PAKISTAN – A CHRISTIAN SCHOOL FIGHTS TO SURVIVE
According to the Catholic Church’s directory, by 2010, there were 504 Christian educational institutions in Pakistan, currently there are 355. Research by Suneel Malik from the Center for Social Justice showed a very large difference in learning outcomes between Christian and Muslim students to the disadvantage of the former. At the same time, Malik showed that 79 percent of Christian schools are in the poorest neighborhoods, and some schools are not even equipped with benches and chairs or adequate sanitation. Lessons from the Nationalization of Education in 1972, the report published in 2019, indicates that this state of affairs stems from the nationalization of education. The Supreme Court’s decision that the Anglican Edwardes College in Peshawar, founded in 1863, is to pass under the administration of the state, has recently aroused great agitation among the Christian minority. The Anglican bishops in Pakistan say that „do not see their constitutional right protected and see justice trampled on”. Zeeshan Yaqub, a minority rights activist in Peshawar, said that „the Christian community in Pakistan is making great efforts in the fields of education, health and other humanitarian services, which benefit the entire population, people of all religions. We ask for the protection of the rights of minorities, as provided for by the Constitution of Pakistan, even in their properties”.
PAKISTAN – CHRISTIANS IN PAKISTAN ARE DENIED TO WORK FOR THEIR FAITH
This April, a group of ten young Christians who applied for police jobs were made clear that Christians cannot apply for such positions. Pakistani Christians, on the other hand, are more than welcome as janitors, street sweepers and sewer cleaners – 80-90% of these jobs are occupied by Christians, but it should be remembered that this religious minority is only 2% of the total population. In job advertisements, one can often meet with „reserving” those considered to be the least respectable, defined as dirty, or „choora”, just for Christians. Cleaning the sewers, in addition to the low status, carries a risk to health and life. As Ayesha Younas notes, such practices have been going on for decades and are supported by the government, despite protests of activists for human rights.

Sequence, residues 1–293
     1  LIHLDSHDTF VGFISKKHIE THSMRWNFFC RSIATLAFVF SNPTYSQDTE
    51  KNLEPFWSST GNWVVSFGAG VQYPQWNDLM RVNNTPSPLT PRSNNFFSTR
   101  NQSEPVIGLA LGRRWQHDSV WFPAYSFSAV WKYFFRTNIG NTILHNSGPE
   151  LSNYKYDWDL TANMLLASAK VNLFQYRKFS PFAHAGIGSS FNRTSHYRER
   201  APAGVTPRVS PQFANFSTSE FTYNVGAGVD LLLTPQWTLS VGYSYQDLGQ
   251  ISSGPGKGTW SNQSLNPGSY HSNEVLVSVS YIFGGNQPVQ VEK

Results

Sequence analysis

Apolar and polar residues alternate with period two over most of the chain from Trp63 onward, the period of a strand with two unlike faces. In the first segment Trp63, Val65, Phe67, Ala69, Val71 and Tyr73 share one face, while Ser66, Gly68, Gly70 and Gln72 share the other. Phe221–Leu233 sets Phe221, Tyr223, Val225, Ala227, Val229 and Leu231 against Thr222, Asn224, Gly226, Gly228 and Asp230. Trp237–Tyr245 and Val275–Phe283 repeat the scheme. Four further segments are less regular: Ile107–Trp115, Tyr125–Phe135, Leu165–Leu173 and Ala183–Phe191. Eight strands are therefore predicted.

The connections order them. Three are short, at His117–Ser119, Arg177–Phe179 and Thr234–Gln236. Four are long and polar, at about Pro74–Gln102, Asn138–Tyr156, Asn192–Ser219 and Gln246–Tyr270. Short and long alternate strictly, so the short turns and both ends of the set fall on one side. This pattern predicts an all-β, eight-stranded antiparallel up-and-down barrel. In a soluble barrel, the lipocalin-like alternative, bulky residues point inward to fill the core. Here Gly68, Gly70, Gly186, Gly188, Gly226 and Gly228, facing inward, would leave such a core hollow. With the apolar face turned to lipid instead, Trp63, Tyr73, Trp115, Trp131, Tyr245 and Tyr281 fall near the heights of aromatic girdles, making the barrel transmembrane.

CHINA – PREACHER LOCKED DOWN IN HIS OWN APARTMENT
Wu Wuqing, a preacher of the Early Rain Covenant Church, was locked up along with family in his own apartment in Sichuan – the police had put a chain on the fire exit. At first, the guards at the door allowed the prisoners to be visited, but with time they stopped letting even the closest family members inside, only allowing food to be handed over. Wuqing had previously been arrested for holding a funeral, and prior to the incident, the police frequently detained him, and sometimes even his wife, for no specific reason. The preacher had to give up driving because the tires on his car were notoriously damaged. Police in Chengdu also intend to force him to leave the city in order to restrict house church activities.
CONGO – BOMB DETONATED IN THE CATHOLIC CHURCH
In Beni, a city in the north-east Democratic Republic of the Congo, a homemade bomb exploded on Sunday just before morning mass. At least two people were injured and the interior of the church was damaged. Beni’s Vicar General Laurent Sondirya notes that the coup was most likely planned against a larger group of people; Confirmation was to take place during the morning Mass, so the children and their families would gather in the church. This is not the first attack on a church in Beni. According to the bishops’ testimony, the rebel group Alliance of Democratic Forces has been responsible for the deaths of 6,000 people since 2013.